New Wine into Old Skins
New Wine into Old Skins

New Wine into Old Skins

In my last article, I said guilds could be the vanguard of a new civil society. Valiant words, but there are significant obstacles to overcome before we see any progress. Moreover, all the examples of functioning guilds that I have used so far have one thing in common: they are not in Canada. The question then arises, can guilds can ever take hold in Canada? If so, how?
August 1 st 2004

Are we ready for new models of organized labour, such as guilds? Well, define ready. Current social attitudes and regulatory frameworks for the organization of work will freeze new ideas out if they don't have enough fire in the belly.

In my last article (Comment, April 2004), I said guilds could be the vanguard of a new civil society. Valiant words, but there are significant obstacles to overcome before we see any progress. Moreover, all the examples of functioning guilds that I have used so far have one thing in common: they are not in Canada. The question then arises, can guilds can ever take hold in Canada? If so, how?

After my last article was published, an online reader asked whether "unions should diversify their approach to organizing labour by adopting a guild mentality in non-traditional organized labour markets." Or, he asked, must we "erect new institutions?"

The trouble is that I'm not convinced that most unions have anything even close to the innovative culture required to adapt, not just their organizational model, but also their institutional philosophy to the current economic and political reality. The trouble for guilds is that, to a large extent, traditional union thinking has set the terms of the debate on worker solidarity. Guilds are fighting the prevailing winds of collective action's lack of credibility, class warfare, commoditised labour, and obsolete legislation.

Are unions "dinosaurs or dynamos?" Ed Grootenboer, head of the Christian Labour Association of Canada's Mississauga office, asked this question in The Guide (March/April 2004), a magazine for the union's members. He pointed to steadily declining union membership, obsolete economics, and confrontational bargaining practices as evidence that unions are having some trouble adjusting to the contemporary labour scene.

"Unions have a lot of housecleaning to do," Grootenboer said. "Many are not ready to be responsible social partners in an enterprise." The clear implication of his article, even though his tone was hopeful, was that most unions are dinosaurs—and we all know what happened to the dinosaurs.

Collective action has been acquiring a bad reputation in the last few years. For example, during the recent stand-off between Air Canada and the Canadian Auto Workers union, I didn't hear much support for Buzz Hargrove and his antics. It's not that Hargrove's ideas are outrageous (and they are). It's mostly that people think Buzz's shtick has gone stale.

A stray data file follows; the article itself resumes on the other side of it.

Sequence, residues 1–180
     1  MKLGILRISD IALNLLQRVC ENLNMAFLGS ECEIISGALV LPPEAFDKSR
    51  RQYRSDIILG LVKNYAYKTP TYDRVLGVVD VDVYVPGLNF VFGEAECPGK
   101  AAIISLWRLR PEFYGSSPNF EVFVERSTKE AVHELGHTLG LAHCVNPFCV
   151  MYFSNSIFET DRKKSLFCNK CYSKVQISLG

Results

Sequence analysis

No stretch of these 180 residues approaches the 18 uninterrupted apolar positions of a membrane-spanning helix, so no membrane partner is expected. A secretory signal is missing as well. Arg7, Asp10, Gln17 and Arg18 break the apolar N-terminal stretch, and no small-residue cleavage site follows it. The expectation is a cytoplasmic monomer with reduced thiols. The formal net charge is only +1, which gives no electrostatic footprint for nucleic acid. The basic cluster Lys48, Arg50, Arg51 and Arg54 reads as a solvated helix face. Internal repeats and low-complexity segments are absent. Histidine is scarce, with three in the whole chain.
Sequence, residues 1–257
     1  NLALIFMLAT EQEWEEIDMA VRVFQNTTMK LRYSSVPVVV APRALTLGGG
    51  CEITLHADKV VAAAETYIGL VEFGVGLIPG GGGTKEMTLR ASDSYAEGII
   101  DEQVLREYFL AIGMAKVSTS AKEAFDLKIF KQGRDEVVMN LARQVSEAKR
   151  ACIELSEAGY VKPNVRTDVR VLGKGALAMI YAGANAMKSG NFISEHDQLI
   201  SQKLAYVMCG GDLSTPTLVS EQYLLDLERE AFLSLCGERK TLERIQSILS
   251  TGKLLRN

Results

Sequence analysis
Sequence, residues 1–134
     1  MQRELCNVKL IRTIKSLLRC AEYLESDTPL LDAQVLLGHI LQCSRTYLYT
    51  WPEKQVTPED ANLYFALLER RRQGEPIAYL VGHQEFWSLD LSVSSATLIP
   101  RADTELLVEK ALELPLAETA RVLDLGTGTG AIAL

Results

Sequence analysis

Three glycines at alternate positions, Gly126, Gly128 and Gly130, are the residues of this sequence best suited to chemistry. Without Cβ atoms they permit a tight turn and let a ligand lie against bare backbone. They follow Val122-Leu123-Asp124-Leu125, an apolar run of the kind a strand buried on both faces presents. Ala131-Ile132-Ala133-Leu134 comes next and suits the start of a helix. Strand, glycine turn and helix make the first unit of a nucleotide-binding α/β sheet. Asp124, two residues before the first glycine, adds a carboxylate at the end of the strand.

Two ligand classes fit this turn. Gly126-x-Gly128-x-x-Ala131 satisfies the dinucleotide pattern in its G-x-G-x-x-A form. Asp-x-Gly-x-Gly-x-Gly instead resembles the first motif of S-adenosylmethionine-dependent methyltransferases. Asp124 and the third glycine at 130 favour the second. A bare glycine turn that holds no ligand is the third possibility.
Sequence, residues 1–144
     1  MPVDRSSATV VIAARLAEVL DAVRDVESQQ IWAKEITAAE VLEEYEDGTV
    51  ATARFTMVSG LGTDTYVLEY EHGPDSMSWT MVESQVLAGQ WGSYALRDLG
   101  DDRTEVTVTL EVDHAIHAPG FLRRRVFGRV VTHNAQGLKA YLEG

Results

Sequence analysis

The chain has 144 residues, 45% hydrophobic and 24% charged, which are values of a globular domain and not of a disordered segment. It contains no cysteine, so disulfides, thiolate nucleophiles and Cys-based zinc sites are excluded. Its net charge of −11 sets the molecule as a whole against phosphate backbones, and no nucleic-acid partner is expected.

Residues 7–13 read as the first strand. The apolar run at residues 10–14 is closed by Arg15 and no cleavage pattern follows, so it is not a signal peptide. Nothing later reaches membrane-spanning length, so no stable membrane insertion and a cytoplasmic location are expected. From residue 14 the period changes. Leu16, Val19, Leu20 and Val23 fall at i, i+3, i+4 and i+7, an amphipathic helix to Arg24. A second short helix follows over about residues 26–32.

One could easily dismiss such anecdotal evidence, except that the numbers back me up. I could point to last year's poll by the Canadian Labour Congress (CLC), which found that Canadians say all kinds of good things about unions in theory and all kinds of bad things about unions in practice. Three in 10 union members, in both the private and public sector, say they are dissatisfied with both their local and national leadership.

This, despite the cheery CLC gloss, is a serious problem. Think about it: nearly one-third of union members are upset with their supposed representatives, and the union leaders don't even know why. Perhaps it has something to do with the widespread belief (45 per cent) among union members that they have no say in how their union operates.

Does this sound like democratic collective action? Or does it sound like tyranny of the few? Any organizational concept based on guilds will have to do a lot of work to distinguish its working communities from traditional union working collectives.

The poor image that collective action suffers is often attributed to the confrontational stance that some unions take toward corporations and their management. These unions view labour relationships as a class war. Their leaders believe that the relationship between owners and workers is inherently exploitative and that their job is to resist the owner at every turn. The owner, as the one who holds the capital (and therefore the balance of power), is guilty until proven innocent: an abuser of his position unless a collective agreement has been signed.

Again, the CLC is a good example of this attitude. In June 2002, it released a series of documents which emerged from its 23rd Constitutional Convention. "Building a Stronger Movement at the Workplace" is full of adversarial language: "employers, governments increasingly attacked workers' rights to bargain freely," and "employers continue . . . attacking workers' rights and the standards that protect us."